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Ocean Surface Topography from Space
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Altimeter Data And ECCO2 Ocean State Estimates Used To Study The Variability Of Antarctic Circumpolar Current Fronts And The Formation Of Antarctic Intermediate Water
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Authors:
Victor Zlotnicki
(California Institute of Technology - JPL)

Co-Investigator(s):
Dimitris Menemenlis
(California Institute of Technology - JPL)

Abstract:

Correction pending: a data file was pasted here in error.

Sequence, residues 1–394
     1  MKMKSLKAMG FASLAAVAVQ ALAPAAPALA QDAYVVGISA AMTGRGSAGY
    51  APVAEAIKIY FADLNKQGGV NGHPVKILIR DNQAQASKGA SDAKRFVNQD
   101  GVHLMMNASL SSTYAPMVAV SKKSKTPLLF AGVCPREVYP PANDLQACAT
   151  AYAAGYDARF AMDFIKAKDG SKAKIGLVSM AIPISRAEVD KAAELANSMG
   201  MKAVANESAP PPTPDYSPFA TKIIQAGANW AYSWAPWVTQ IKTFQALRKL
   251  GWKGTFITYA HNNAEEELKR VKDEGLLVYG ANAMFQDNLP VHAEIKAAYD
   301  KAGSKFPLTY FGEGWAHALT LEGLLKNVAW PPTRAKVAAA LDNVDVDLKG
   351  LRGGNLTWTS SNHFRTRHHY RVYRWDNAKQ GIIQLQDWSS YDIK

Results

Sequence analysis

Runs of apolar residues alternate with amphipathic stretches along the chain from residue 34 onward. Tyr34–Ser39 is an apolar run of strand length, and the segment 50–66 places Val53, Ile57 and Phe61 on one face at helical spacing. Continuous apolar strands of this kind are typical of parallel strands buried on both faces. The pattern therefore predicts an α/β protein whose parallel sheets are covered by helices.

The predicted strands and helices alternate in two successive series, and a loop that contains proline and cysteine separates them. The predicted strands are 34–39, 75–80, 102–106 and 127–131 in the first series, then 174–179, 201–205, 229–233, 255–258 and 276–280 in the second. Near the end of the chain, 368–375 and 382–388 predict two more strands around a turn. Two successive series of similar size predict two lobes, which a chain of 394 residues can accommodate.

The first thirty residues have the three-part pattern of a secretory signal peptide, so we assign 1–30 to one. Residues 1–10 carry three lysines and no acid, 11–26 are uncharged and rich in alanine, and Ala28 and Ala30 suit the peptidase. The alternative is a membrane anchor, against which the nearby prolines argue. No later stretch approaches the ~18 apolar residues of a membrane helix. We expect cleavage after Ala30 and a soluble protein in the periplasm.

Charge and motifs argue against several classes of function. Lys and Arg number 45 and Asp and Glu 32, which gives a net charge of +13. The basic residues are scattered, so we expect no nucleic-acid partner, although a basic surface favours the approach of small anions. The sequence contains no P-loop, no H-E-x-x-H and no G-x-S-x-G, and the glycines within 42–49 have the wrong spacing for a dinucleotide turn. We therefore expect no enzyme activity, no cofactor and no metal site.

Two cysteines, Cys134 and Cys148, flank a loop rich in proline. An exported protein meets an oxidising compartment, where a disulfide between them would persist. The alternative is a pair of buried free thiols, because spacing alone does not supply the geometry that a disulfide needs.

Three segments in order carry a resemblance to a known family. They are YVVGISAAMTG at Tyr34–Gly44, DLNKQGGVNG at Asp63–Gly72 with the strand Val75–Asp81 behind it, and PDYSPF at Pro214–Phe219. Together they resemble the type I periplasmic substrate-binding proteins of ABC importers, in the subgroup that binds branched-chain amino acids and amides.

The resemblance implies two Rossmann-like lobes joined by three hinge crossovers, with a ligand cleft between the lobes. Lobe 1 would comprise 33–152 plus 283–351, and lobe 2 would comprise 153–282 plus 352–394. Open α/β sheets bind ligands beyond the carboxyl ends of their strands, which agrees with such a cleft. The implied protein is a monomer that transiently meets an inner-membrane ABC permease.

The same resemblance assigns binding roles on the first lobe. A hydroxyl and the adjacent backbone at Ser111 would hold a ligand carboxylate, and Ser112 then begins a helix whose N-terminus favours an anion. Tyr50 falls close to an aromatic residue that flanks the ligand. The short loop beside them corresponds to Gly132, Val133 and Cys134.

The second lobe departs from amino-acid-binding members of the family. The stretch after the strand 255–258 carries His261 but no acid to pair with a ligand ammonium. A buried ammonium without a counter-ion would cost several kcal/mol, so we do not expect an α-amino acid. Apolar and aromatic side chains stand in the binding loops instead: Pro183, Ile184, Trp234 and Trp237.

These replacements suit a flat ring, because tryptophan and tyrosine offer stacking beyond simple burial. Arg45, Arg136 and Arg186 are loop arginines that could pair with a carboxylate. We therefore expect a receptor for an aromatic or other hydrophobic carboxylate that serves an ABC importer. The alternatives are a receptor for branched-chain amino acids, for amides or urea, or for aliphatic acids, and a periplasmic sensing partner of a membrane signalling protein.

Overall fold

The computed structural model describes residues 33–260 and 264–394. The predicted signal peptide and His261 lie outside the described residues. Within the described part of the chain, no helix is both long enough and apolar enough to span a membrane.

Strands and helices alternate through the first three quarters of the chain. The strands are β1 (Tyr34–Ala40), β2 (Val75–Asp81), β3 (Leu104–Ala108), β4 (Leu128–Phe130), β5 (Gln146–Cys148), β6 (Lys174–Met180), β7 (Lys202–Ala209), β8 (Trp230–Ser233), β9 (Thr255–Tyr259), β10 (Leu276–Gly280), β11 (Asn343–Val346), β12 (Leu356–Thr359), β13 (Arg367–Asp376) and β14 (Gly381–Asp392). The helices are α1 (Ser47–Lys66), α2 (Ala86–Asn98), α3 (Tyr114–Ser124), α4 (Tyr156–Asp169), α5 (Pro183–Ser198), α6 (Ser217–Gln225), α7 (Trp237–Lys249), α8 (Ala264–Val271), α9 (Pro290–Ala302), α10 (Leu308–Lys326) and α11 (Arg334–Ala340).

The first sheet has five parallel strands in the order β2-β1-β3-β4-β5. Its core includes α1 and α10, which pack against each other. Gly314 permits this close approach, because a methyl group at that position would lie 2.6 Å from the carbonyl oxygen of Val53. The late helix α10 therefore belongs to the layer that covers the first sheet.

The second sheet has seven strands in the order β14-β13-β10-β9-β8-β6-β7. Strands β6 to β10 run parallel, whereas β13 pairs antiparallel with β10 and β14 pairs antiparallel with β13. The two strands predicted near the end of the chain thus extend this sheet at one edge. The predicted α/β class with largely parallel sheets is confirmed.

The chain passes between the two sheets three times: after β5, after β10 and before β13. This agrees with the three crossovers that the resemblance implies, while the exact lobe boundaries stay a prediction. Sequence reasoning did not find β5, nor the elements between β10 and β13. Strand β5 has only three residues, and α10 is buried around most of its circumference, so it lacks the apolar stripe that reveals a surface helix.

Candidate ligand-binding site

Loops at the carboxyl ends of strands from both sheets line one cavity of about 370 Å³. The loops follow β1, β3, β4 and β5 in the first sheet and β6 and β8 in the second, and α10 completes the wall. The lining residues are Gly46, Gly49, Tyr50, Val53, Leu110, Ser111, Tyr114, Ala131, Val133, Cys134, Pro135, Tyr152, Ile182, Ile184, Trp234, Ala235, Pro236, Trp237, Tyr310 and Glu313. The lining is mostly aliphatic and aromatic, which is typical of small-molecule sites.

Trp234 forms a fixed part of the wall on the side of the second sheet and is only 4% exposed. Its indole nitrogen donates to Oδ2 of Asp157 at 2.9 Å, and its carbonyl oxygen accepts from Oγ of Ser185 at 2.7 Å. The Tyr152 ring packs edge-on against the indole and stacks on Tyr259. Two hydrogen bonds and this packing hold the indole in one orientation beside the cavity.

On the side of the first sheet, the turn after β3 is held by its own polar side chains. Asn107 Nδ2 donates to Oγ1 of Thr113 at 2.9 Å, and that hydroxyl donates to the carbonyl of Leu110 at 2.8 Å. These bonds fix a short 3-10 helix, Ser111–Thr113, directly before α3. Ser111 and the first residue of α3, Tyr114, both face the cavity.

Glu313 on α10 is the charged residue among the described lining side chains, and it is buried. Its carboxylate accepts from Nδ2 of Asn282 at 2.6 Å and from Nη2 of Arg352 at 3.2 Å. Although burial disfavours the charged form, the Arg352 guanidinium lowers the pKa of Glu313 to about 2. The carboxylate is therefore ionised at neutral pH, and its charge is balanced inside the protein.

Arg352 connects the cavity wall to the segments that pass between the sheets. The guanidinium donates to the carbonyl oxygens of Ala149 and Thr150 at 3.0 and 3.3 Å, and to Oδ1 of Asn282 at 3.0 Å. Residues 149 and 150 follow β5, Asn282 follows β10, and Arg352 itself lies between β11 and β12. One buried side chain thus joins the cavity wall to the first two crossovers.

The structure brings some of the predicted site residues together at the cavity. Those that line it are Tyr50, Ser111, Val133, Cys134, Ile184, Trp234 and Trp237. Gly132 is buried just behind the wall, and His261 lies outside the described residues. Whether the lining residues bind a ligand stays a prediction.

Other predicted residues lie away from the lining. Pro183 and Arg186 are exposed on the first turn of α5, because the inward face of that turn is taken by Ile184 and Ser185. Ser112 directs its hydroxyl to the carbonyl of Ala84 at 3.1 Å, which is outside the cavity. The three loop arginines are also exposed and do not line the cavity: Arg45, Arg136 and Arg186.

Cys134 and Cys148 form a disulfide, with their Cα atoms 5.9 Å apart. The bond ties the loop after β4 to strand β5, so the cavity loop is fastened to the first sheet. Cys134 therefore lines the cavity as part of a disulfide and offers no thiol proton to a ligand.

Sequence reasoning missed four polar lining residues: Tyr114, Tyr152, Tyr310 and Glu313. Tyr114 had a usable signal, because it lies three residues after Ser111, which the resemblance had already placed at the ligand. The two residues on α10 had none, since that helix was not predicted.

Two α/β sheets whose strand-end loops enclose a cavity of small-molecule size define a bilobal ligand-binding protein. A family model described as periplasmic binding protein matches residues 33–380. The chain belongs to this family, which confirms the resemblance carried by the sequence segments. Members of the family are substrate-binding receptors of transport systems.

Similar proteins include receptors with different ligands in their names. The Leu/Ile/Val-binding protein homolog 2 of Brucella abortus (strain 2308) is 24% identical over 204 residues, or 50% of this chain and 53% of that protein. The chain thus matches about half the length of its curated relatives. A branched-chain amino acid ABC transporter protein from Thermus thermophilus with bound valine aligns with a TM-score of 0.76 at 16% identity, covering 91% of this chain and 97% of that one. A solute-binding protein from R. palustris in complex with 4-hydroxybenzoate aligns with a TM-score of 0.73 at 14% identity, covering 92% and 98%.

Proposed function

The Southern Ocean is a significant component of the global overturning circulation and of the oceanic carbon cycle yet it is also a region where there are few in-situ observations, large uncertainties, and the potential for important climate feedback mechanisms. This study uses the 15+ years of available radar altimeter data, high-resolution ocean state estimates from the Estimating the Circulation and Climate of the Ocean, Phase II (ECCO2) project, and in-situ data (hydrography and Argo floats), in order to study time changes in the formation of Antarctic Intermediate Water (AAIW). This is a step towards an improved description and understanding of Southern Ocean airsea exchange processes, a prerequisite for improved representation of these processes in numerical climate models, and for more reliable predictions of how these processes might respond to changes in Greenhouse gas forcing. Specifically our study will (i) estimate interannual changes in Antarctic Circumpolar Current (ACC) frontal locations and their relation to Antarctic Intermediate Water (AAIW) formation rates, (ii) better describe and understand processes responsible for the ventilation of intermediate waters, and (iii) quantify the sensitivity of ACC frontal variability and of AAIW formation rates to changes in wind patterns. This research provides feedback to the ECCO2 project towards improving the representation of intermediate water formation, it complements ongoing and planned Climate Variability and Predictability (CLIVAR) efforts to better observe and understand climate-related variables in the Southern Ocean, it is consistent with the NASA strategic objective to "understand the role of oceans, atmosphere, and ice in the climate system and improve predictive capability for its future evolution", and it addresses the first research theme in the ROSES-2007-A07 by "supporting studies in physical oceanography utilizing Jason/OSTM mission data, as well as the combined 15-year TP/Jason data, preferably jointly with other satellite and in situ data and/or models, in support of basic research".



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